With a better understanding of the PID controller theory, we can see how we can iterate toward our final product. Our initial trial from a full load fan had some difficulties finding the setpoints, as shown by the oscillations on the left side of the graph. As we learned above, by adjusting our integral and derivative gains we were able to help reduce the oscillations. We can see the controller trying to lock in around the 70C, but our intended target was 65 ˚C (if it were to lock in at 70 ˚C, this would be a clear example of steady-state error). The last point we worked to resolve was to improve the speed at which it approaches the setpoint, which we were able to tune with by adjusting proportional gain.

OpenBMC fan configurations are easily configurable JSON files to manually tune PID settings. The graphs presented come from comma-separated-value (CSV) files generated from OpenBMC’s PID controller application and allow us to easily iterate and improve our configuration. Several iterations later, we got our final product. We had a tad bit of overshoot in the beginning, but this is a strong enough result for us to leave the PID controller for now.

Talk to me GPU

In order to source the temperature data for the PID tuning above, we had to establish communication with the GPU. The first thing we did was identify the route from the BMC to the GPU and Peripheral Component Interconnect Express (PCIe) slot. Looking at our ODM’s schematics for the BMC and motherboard, we found a System Management Bus (SMBus) line to a mux or switch connecting to the PCIe slot. For embedded developers out there, the SMBus protocol is similar to Inter-Integrated Circuit (I2C) bus protocol, with minor differences in electrical and clock speed requirements. With a physical path to communication established, we next needed to communicate with the GPU in software.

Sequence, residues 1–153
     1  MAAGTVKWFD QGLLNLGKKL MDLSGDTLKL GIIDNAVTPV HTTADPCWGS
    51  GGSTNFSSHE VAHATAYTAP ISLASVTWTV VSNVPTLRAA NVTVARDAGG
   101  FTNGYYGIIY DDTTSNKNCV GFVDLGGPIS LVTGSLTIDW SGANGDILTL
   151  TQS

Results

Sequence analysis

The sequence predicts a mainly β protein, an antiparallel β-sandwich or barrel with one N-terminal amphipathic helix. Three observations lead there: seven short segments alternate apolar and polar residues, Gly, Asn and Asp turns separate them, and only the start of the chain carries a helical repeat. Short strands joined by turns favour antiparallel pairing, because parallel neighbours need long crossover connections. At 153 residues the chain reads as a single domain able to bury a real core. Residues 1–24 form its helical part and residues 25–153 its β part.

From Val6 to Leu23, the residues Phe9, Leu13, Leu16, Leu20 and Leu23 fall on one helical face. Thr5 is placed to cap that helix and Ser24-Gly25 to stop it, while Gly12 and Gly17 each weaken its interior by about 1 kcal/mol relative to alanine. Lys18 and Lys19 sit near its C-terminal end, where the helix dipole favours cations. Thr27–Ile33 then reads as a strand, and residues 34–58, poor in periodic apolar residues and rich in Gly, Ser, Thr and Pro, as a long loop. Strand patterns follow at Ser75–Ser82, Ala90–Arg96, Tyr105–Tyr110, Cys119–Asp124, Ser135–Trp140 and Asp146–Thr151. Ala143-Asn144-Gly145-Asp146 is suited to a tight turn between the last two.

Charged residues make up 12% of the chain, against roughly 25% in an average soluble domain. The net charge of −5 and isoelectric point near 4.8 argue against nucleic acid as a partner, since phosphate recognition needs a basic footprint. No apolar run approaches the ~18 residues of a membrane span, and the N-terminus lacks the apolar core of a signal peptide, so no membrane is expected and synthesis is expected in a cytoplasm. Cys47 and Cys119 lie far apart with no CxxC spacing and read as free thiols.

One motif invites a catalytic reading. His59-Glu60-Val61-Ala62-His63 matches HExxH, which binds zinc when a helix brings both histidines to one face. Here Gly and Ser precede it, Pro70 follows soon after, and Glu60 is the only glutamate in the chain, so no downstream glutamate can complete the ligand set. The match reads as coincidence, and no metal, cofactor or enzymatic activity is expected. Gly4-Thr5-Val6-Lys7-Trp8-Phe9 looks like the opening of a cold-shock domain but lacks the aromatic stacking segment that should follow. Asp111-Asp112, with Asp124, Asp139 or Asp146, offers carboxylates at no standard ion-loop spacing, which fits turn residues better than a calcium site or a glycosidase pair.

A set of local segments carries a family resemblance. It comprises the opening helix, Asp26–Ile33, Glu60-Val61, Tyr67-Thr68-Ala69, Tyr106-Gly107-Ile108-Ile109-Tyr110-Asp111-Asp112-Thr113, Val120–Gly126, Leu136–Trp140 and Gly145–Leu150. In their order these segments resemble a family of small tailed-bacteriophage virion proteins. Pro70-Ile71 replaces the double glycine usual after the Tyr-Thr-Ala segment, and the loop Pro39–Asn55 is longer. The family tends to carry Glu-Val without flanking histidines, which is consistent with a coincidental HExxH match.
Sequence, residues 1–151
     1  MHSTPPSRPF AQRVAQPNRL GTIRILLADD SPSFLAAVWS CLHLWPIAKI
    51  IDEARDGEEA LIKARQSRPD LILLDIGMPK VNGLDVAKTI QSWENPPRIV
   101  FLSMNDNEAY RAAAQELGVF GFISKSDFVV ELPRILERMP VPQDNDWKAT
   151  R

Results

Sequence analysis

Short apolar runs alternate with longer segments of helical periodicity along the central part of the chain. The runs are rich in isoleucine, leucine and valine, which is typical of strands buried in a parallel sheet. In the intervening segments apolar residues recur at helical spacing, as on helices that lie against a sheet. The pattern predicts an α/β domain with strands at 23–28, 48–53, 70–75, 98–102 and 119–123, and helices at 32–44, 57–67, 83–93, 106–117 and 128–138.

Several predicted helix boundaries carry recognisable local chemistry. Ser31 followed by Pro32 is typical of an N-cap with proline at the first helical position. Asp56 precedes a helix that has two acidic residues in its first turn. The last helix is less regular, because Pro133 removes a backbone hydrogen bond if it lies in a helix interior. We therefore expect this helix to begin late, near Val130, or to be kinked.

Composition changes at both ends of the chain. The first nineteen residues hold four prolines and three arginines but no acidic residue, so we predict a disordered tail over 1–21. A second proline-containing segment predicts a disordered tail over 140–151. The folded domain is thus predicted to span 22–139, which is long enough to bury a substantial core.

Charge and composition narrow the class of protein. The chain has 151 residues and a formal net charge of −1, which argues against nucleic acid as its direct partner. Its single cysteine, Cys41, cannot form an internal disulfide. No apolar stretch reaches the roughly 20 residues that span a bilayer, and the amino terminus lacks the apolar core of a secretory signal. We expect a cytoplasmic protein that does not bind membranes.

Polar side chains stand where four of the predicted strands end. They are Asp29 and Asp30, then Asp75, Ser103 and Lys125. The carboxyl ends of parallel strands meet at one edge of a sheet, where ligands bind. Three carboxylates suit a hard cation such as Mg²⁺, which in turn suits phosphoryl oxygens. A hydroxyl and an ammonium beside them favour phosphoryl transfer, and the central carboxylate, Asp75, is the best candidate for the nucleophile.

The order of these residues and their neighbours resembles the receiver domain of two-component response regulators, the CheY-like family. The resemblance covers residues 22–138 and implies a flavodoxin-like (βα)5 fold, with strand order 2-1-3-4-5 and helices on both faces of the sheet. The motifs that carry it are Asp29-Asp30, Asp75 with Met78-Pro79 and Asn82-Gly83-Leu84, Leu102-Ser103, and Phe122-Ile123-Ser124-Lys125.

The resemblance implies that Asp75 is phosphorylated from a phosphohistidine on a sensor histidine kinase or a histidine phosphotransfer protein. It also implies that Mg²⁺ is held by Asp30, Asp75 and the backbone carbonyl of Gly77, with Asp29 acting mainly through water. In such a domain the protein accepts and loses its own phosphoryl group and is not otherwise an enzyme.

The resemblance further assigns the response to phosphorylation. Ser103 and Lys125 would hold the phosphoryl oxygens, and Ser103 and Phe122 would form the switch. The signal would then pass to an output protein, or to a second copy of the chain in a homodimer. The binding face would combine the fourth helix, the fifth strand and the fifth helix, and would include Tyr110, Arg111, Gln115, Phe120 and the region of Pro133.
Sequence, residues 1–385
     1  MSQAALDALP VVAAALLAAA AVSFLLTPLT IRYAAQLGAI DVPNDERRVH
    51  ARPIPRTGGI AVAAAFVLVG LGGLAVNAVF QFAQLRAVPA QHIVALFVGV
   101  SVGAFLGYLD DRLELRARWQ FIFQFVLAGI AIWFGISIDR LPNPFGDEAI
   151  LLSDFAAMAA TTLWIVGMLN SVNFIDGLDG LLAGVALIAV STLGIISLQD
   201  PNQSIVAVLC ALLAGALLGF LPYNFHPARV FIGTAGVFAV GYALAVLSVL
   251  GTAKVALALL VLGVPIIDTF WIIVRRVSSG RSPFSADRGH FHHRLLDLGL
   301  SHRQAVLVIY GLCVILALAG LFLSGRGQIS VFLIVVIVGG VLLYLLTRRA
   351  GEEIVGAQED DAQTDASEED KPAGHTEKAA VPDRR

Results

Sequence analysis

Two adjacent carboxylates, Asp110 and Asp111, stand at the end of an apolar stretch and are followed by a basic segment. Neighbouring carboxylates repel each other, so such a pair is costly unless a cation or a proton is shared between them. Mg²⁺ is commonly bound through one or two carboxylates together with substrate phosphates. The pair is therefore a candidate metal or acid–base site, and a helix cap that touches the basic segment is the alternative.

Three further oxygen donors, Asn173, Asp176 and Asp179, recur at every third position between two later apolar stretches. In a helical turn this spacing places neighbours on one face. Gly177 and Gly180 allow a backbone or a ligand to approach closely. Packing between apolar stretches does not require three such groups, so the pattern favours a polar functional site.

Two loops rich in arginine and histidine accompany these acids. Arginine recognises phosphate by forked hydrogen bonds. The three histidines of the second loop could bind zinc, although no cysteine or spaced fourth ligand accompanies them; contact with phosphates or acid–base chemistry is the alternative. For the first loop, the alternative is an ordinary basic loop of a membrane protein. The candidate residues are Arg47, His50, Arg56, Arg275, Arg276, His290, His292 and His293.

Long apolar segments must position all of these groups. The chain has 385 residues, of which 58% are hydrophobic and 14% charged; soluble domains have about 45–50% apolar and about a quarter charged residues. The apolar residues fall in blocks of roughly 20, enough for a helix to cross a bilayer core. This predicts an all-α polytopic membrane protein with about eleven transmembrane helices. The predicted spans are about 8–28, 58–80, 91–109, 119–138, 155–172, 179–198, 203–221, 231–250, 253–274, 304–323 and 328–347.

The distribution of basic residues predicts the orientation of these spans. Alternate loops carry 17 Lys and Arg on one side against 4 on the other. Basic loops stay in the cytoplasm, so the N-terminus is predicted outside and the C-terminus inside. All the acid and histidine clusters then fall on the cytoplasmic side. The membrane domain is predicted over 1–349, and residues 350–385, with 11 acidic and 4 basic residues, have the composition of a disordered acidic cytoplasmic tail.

OpenBMC applications, Linux kernel drivers, and the software tools we can add for development make the configuration and operation of devices such as fans, analog-to-digital converters (ADC), and power supplies as simple as possible. The first thing we try as a test is to get some temperature sensor data from the GPU’s onboard temperature sensor and inventory information from the Electrically-Erasable Programmable Read-Only Memory (EEPROM). We can verify the temperature sensor data with tooling provided by our GPU vendor, and the inventory information can be verified against the asset sheet provided to us when the device was delivered. Building the eerpog tool, we can try communicating with the eeprom:

~$ eeprog -f -16 /dev/i2c-23 0x50 -r 0x00:200
eeprog 0.7.5, a 24Cxx EEPROM reader/writer
Copyright (c) 2003 by Stefano Barbato - All rights reserved.
  Bus: /dev/i2c-23, Address: 0x50, Mode: 16bit
  Reading 200 bytes from 0x0
<redacted> Ver 0.02